Almost all attacks on shrines in Khyber Agency and Peshawar have been claimed by Lashkar-e-Islam, a Khyber agency-based militant group that follows Deobandi and Panjpiri creeds. Pir Noorul Haq Qadri, an adherent of Sufism living in Landi Kotal, has been elected from Khyber Agency twice, although most locals belong to the Deobandi school of thought. “That clearly shows that Pashtuns respect the adherents of Sufism and have nothing to do with the attacks against them,” a local tribal elder said. Qadri’s three close relatives – brother Humayun Qadri, cousin Nooruddin Qadri and uncle Abdul Azeem Qadri – were killed by militants on April 21, 2008. Their graves were desecrated.

Muhammad Fayyaz Khan, a central leader of Jamiat Ulema-e-Pakistan in Khyber Pakhtunkhwa, said despite the recent attacks on Sufi shrines, security has not been improved. “Devotees are concerned about their safety when they visit the shrines especially in the mountainous areas of Khyber Pakhtunkhwa and FATA. The caretakers and other people associated with the shrines are being threatened by the militants.”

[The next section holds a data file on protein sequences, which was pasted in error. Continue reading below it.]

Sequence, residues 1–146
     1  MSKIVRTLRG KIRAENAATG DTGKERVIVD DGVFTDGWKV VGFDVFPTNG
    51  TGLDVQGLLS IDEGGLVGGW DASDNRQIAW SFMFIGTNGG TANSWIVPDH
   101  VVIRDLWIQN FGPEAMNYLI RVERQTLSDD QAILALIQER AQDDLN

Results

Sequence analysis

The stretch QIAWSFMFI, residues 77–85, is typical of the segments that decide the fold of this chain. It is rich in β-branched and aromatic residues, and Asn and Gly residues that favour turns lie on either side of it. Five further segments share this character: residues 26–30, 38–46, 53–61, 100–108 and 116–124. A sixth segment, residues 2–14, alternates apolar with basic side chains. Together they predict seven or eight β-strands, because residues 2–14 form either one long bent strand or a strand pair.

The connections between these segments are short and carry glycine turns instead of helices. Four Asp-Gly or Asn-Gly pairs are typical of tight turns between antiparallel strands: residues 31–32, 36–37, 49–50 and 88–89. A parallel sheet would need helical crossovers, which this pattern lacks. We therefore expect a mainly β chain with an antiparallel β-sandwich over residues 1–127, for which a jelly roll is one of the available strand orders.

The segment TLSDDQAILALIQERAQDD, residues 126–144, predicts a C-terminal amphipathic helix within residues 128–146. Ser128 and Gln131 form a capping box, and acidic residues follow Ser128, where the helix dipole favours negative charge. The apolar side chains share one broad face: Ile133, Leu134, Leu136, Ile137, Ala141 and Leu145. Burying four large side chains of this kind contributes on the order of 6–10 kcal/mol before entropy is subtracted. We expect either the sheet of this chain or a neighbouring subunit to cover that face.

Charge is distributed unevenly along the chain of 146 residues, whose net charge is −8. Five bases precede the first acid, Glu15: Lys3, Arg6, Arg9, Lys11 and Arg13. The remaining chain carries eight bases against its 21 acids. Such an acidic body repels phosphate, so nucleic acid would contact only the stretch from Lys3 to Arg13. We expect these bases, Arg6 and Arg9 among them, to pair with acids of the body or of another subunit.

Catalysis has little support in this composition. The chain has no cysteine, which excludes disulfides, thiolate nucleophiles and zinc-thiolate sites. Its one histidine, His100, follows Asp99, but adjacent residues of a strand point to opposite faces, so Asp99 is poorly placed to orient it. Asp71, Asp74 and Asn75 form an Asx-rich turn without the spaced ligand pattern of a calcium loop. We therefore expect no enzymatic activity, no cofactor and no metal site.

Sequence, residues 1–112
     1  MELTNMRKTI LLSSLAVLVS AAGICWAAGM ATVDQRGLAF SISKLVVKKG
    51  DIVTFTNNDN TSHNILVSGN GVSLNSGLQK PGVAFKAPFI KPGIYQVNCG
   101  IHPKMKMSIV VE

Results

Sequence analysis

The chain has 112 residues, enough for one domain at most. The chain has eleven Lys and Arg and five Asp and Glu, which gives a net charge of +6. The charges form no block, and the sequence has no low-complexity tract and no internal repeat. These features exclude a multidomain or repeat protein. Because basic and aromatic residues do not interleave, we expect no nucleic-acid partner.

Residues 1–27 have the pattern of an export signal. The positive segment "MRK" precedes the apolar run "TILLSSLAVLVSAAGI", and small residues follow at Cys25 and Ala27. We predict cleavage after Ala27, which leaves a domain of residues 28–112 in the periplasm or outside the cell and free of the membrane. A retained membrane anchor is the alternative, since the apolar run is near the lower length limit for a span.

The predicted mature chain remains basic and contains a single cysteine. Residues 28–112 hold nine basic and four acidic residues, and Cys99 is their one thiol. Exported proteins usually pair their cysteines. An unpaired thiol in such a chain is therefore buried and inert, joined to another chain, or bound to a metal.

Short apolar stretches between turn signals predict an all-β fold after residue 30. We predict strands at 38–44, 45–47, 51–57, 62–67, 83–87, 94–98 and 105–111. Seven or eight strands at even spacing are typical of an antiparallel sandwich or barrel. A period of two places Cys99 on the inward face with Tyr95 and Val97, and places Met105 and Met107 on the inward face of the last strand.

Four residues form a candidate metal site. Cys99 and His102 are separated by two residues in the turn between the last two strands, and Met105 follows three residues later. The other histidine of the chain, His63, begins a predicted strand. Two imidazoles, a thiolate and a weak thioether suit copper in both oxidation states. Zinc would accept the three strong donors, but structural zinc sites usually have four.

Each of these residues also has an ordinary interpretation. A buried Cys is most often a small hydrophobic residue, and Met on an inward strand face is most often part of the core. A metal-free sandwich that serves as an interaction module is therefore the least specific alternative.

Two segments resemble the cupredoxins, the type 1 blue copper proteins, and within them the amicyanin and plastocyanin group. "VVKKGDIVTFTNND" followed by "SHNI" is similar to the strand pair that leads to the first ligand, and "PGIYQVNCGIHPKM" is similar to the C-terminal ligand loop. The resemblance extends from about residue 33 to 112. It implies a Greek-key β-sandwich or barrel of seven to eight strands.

By Zia Ur Rehman

Jan 25, 2012

KARACHI – Law enforcement agencies have shattered the Tehreek-e-Taliban Pakistan (TTP) and its allied groups, especially the Al-Mukhtar group and Punjabi Taliban, in Karachi to a great extent, Chaudhry Aslam, head of the Anti-Extremism Cell (AEC) of the Karachi police’s Criminal Investigation Department (CID), told Central Asia Online in an exclusive interview.

”]Aslam is noted for his tough measures against militant outfits and criminal gangs in the city. Under his supervision, the CID since 2008 has arrested dozens of militants planning attacks in Pakistan and Afghanistan. Most of them belonged to the TTP, Lashkar-e-Jhangvi, Afghan Taliban or other banned militant outfits.

Hounded by military operations in the tribal areas, TTP militants are increasingly moving to Karachi, where they obtain logistical and manpower support from militant organisations already established in the city, he said.

In 2011, Karachi police arrested 222 militants, the majority of them involved in beheading civilians, attacking security forces and police, destroying private property and committing other crimes in Khyber Pakhtunkhwa and the tribal areas, Aslam told Central Asia Online.